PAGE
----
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The Phases of Migraine

wm38wm.com A migraine attack often involves more than a headache. It may include a prodrome, an aura and a postdrome occurring after the headache. Not all phases are necessarily experienced by a person suffering from migraine. Not every migraine episode either is the same every time.
The prodrome, also called pre-headache, may be experienced hours or days before a migraine episode. It is considered the warning light for an imminent migraine attack. For some of the people who frequently suffer migraine headaches, this phase can be very helpful as it can provide the opportunity to prevent the attack. It helps to keep a migraine diary to make one aware of the signals being sent by the body. Typical symptoms of the prodrome are food cravings, constipation or diarrhea, mood changes, muscle stiffness especially in the neck, fatigue and increased frequency of urination.
The aura follows the prodrome and usually lasts an hour. It is the most familiar of the phases due to its varied symptoms and effects that can be sometimes be terrifying. Auras include visual distortions, auditory and olfactory hallucinations, tingling or numbness of the face or extremities, difficulty in speaking, confusion, vertigo, partial paralysis, decrease in or loss of hearing, reduced sensation and hypersensitivity to feel and touch. The use of medications at this phase is usually effective in preventing actual headache from occurring.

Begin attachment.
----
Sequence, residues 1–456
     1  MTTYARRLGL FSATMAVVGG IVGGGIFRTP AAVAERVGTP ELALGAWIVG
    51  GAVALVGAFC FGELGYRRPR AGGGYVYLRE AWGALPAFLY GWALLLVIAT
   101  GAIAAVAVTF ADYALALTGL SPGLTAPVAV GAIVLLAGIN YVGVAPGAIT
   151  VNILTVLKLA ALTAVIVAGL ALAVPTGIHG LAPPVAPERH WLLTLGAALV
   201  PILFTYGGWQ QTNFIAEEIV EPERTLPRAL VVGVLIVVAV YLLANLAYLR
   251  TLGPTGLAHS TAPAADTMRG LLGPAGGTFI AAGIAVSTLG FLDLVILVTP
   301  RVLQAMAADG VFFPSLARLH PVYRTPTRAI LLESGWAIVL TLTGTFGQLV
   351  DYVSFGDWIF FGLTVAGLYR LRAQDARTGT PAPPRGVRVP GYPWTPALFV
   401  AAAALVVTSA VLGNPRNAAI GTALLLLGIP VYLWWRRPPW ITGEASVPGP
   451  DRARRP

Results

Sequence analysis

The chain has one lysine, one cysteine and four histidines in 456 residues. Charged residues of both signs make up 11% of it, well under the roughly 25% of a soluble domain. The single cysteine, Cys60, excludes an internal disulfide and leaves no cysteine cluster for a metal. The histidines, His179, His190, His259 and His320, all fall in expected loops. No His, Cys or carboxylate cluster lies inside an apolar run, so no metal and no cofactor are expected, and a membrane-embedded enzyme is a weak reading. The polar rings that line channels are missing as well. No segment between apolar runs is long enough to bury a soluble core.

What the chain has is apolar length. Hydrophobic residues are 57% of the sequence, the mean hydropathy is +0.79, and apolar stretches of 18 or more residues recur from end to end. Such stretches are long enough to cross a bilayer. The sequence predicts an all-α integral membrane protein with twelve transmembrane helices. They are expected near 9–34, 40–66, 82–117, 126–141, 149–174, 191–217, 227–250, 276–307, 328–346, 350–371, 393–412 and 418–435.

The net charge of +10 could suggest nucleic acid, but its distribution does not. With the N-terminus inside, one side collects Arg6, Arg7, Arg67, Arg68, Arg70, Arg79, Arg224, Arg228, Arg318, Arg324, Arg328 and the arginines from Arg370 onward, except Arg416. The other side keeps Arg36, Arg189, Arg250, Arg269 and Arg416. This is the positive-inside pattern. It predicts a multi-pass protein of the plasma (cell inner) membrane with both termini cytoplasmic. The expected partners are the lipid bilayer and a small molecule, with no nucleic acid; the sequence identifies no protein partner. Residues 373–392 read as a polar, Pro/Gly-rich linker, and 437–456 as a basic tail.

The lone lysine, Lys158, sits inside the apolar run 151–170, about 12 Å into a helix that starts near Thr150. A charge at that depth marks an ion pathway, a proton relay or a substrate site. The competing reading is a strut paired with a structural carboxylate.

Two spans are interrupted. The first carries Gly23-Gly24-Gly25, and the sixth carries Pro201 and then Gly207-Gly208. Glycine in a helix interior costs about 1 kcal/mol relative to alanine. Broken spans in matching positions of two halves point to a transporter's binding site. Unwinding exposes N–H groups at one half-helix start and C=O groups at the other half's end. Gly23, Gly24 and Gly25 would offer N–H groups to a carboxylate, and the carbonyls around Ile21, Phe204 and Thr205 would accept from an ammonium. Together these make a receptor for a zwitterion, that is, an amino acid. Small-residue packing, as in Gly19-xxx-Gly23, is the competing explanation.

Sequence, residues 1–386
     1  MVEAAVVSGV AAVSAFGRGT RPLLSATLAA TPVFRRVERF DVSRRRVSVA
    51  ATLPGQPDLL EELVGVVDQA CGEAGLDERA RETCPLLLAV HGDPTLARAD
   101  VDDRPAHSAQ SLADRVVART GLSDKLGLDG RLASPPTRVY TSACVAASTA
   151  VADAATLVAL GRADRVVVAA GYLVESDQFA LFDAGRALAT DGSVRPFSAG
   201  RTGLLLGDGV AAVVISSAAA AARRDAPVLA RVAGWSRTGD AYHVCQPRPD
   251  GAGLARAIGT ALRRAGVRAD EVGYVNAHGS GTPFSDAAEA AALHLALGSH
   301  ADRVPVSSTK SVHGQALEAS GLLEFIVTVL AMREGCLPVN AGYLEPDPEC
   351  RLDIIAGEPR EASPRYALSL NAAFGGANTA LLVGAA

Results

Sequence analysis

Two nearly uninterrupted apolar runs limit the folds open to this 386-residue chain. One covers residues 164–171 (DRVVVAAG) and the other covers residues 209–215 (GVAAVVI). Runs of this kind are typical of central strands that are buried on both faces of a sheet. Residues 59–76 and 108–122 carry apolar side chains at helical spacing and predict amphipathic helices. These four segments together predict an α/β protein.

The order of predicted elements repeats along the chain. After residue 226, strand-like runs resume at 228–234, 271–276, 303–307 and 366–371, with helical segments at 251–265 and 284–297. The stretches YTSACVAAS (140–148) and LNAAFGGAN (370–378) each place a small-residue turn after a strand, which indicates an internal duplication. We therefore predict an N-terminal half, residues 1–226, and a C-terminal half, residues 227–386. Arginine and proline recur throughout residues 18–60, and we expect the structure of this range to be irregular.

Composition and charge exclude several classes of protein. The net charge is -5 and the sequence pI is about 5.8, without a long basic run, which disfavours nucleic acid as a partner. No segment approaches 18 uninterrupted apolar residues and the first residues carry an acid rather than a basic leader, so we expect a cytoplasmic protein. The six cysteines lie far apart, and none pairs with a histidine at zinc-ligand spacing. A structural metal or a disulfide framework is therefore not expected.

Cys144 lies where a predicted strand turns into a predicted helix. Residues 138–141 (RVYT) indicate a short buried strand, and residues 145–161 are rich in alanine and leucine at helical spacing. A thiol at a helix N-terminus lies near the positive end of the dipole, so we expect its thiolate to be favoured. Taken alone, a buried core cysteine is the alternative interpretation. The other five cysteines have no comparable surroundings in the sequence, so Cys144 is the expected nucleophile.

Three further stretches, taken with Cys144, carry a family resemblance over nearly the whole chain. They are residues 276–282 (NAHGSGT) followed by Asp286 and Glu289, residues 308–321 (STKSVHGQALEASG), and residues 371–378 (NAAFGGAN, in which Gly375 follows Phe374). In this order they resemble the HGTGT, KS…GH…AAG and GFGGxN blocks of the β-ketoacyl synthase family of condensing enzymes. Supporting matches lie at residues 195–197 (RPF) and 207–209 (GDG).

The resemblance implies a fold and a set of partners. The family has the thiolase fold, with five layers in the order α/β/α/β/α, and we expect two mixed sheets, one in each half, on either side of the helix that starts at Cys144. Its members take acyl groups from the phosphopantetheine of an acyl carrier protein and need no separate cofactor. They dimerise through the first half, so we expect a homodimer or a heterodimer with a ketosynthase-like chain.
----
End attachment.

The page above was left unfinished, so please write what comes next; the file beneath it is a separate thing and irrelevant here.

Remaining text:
The headache phase is the most debilitating part of a migraine episode where the effects are not only felt on the head but the entire body as well. The accompanying pain can be very difficult to comprehend for those who have not experienced it. A migraine headache can have several characteristics including headache pain that is often on one side only, worsened by any physical activity, sensitivity to sound or light, nausea and vomiting, diarrhea or constipation, nasal congestion and/or running nose, depression or severe anxiety, hot flashes and chills, dizziness, confusion and dehydration or fluid retention.
The postdrome or post-headache comes after the headache which many people describe as feeling like a zombie or hangover. Postdromal symptoms are believed to be caused by abnormal cerebral blood flow and EEG readings for up to 24 hours after the end of the headache stage. Symptoms of postdrome include lowered mood levels, especially depression or feeling of well-being and euphoria, fatigue, poor concentration and comprehension and lowered intellect levels.

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